When the children become teenagers, how many miles of driving from one “very important” social event to the other? How many late nights waiting up for them to come home? How many hours of consoling teenage angst and drying their tears?
On the 12 month course, one would forfeit points for not attending key meetings, and for not submitting assignments by stated deadlines.
As a mother, in contrast, how many points does one lose for failing to protect them from danger? From not serving the most nutritious meals or for bursts of irrational anger?
When it comes to motherhood, perfection is unattainable and must be left at the door as we stumble and fumble our way through the nebulous process of childrearing, gyrating from moments of elation and euphoria to deepest darkest despair and unbearable pain.
Not only is perfection unattainable as a mom, it is also, frankly undesirable.
You see, children are keenly aware of their own imperfections and so allowing them to witness your struggles and triumphs will help them navigate their own challenges from a much more healthier place.
As a mother, I maintain my sanity by embracing my imperfections and striving to do better next time.
I can only pray that God will protect my children from the worst consequences of my many imperfections so they can be beautifully, and confidently imperfect for their own kids.
One of my goals for this month is to refill. And so, when my daughter came in to the piano room to practice, rather than have her practice with her headphones on, I chose to listen. Her is a snippet from her practice. Afterwards I felt refreshed.
I love the quiet simplicity that signals the arrival of spring. A flower bud here, a blade of grass there, the warmer, brighter days…. Spring sneaks up on you, unnaounced, without fanfare but with a definiteness that is impossible to ignore.
After tumultous whirlwind that has characterised the last 12 months, it’s time to recharge the batteries, take stock and reposition for the future. April will be the time to sow the seeds and lay teh foundation for the next 12 months.
Many parts of the world are celebrating Mothering Sunday today and Church services will be dedicated to Mothers – both present and departed – for their unwavering selfless love.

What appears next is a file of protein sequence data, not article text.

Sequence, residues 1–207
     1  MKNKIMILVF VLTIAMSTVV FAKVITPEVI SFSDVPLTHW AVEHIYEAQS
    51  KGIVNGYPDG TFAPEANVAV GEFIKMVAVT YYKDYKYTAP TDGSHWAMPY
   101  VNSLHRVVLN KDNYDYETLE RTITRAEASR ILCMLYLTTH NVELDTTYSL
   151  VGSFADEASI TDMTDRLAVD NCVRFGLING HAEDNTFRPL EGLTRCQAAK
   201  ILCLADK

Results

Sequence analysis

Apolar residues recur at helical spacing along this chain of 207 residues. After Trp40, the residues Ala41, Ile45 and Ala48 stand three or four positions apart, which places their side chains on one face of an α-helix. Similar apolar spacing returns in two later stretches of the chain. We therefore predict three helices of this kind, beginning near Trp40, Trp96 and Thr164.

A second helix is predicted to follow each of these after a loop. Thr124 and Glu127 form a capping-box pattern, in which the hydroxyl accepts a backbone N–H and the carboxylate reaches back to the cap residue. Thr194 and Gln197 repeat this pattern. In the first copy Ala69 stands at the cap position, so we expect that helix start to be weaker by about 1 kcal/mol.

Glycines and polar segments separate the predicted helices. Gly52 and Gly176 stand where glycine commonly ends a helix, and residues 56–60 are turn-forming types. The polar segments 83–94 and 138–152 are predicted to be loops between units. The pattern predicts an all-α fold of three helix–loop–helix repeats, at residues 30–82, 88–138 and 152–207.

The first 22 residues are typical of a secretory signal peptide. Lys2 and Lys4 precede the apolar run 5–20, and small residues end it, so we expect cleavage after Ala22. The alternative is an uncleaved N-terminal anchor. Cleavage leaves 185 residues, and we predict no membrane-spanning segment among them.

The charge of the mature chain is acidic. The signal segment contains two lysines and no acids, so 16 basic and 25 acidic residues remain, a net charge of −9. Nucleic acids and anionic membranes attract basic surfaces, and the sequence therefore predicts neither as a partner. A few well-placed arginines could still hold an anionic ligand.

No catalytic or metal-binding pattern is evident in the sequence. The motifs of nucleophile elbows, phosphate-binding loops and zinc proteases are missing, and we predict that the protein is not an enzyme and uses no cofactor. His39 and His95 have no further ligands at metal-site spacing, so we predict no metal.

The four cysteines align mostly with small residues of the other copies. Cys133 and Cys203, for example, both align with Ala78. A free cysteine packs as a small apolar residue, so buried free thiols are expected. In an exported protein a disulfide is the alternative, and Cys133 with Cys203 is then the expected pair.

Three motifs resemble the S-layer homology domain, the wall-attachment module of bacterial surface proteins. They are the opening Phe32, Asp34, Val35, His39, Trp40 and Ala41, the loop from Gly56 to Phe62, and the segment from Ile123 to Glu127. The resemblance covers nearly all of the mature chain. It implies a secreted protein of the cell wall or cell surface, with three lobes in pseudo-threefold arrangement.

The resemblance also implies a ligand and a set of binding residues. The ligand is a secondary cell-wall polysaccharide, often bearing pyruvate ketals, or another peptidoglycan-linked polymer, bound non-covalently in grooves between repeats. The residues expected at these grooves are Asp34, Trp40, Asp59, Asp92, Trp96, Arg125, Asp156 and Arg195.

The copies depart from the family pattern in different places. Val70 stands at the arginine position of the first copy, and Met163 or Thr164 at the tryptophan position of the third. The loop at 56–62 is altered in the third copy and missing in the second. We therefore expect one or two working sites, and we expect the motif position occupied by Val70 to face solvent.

Dolly Parton’s song, “Coat of Many Colours” tells of how her mother stitched together a coat for her from pieces of rags because they could not afford to buy one. And how the children at school made fun of this coat that had been so lovingly put together by her mum.
And I reflect on how timeless her message is. How mothers today continue to weave the best life they can for their children from the fragments of time, resources and skills that they have.
This is a universal struggle regardless of socio-economic status, race or background.
And so I want to encourage Mothers who are reading this today not to be discouraged. Your love is the greatest gift you can give your children.
The last verse of Dolly’s song is particularly powerful:
But they didn’t understand it and I tried to make them see That one is only poor only if they choose to be Now I know we had no money but I was rich as I could be In my coat of many colours my mama made for me
Mothers, your patchwork coat, sewn in love is the greatest gift of all.
It’s a well documented fact that better decisions are made when women are in the room where it happens. This is because women bring a unique perspective and are able to find creative solutions to problems faced by organisations. Today I stand with men and women around the world who seek to address gender bias in our organisations.
I am also grateful for the women upon whose shoulders I stand today. My story would not have been possible without your sacrifice and courage.